35. Miglietta F, Hoosbeek MR, Foot J, Gigon F, Hassinen A, Heijmans M, Peressotti A, Saarinen T, van Breemen N, Wallen B (2001) Spatial and temporal performance of the MiniFACE (Free Air CO2 Enrichment) system on bog ecosystems in northern and central Europe. Environ Monitoring Assessment 66:107–127CrossRefGoogle Scholar
  36. Mitchell-Olds T (1995) The molecular basis of quantitative genetic variations in natural populations. Trends Ecol Evol 10:324–328CrossRefGoogle Scholar
  37. Mitchell-Olds T (2001) Arabidopsis thaliana and its wild relatives: a model system for ecology and evolution. Trends Ecol Evol 16:693–700CrossRefGoogle Scholar
  38. Miyazaki S, Fredricksen M, Hollis KC, Poroyko V, Shepley D, Galbraith DW, Long S, Bohnert HJ (2004) Transcript expression profiles of Arabidopsis thaliana grown under controlled conditions and open-air elevated concentrations of CO2 and of O3. Field Crops Res 90:47–59CrossRefGoogle Scholar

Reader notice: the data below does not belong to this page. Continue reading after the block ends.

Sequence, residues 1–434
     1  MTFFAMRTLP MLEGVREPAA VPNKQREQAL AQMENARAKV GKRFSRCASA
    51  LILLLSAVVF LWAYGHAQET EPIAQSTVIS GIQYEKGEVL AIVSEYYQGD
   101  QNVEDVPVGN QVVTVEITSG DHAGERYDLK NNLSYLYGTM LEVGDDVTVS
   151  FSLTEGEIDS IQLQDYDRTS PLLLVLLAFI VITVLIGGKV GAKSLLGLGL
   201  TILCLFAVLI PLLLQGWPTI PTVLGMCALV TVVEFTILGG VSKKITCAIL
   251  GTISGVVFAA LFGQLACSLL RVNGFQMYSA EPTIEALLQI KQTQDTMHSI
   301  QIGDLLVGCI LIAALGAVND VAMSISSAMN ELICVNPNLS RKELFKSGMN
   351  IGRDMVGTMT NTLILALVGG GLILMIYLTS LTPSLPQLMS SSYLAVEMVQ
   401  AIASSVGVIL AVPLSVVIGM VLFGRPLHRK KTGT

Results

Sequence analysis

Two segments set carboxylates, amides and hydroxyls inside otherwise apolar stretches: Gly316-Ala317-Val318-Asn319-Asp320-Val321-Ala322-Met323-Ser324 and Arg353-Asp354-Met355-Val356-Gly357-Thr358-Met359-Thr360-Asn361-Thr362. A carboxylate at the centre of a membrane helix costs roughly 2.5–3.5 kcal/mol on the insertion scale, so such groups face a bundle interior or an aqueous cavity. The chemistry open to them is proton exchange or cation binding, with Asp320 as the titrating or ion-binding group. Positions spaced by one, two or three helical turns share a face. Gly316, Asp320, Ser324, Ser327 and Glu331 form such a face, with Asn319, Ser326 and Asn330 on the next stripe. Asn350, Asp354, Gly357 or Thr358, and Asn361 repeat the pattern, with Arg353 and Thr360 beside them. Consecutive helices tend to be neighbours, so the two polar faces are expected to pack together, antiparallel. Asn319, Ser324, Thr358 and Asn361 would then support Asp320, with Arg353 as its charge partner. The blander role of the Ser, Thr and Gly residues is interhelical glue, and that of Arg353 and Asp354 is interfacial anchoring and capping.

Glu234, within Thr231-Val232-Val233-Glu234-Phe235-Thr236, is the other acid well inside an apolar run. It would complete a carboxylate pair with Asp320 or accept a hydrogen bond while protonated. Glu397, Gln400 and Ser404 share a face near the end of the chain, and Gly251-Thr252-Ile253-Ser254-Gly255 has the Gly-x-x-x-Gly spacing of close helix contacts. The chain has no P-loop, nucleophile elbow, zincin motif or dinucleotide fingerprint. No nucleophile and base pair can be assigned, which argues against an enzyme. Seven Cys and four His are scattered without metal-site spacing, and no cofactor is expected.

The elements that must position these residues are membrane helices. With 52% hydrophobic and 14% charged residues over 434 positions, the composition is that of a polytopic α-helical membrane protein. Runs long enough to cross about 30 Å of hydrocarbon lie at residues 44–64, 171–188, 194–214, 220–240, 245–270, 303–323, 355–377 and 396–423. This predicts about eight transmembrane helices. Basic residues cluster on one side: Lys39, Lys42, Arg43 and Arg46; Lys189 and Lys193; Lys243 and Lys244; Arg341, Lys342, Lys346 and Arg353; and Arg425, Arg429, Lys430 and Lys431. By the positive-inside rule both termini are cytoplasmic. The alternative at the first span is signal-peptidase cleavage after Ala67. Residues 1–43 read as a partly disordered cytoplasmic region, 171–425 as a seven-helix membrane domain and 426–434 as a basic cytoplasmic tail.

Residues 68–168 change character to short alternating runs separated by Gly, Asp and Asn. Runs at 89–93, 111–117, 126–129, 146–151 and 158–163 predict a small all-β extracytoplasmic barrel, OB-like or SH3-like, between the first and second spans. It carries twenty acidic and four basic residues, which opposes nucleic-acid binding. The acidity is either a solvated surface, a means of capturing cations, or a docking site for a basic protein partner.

39. Moore B, Zhou L, Rolland F, Hall Q, Cheng W-H, Liu Y-X, Hwang I, Jones T, Sheen J (2003) Role of the Arabidopsis glucose sensor HXK1 in nutrient, light, and hormonal signaling. Science 300:332–336PubMedCrossRefGoogle Scholar
  40. Moore BD, Cheng S-H, Sims D, Seemann JR (1999) The biochemical and molecular mechanisms for photosynthetic acclimation to elevated atmospheric CO2. Plant Cell Environ 22:567–582CrossRefGoogle Scholar
  41. Nelson DE, Rammesmayer G, Bohnert HJ (1998) The regulation of cell-specific inositol metabolism and transport in plant salinity tolerance. Plant Cell 10:753–764PubMedCrossRefGoogle Scholar
  42. Niittylä T, Messerli G, Trevisan M, Chen J, Smith AM, Zeeman SC (2004) A previously unknown maltose transporter essential for starch degradation in leaves. Science 303:87– 89PubMedCrossRefGoogle Scholar
  43. Pattanagul W, Madore MA (1999) Water Deficit Effects on Raffinose Family Oligosaccharide Metabolism in Coleus. Plant Physiol 121:987–993PubMedCrossRefGoogle Scholar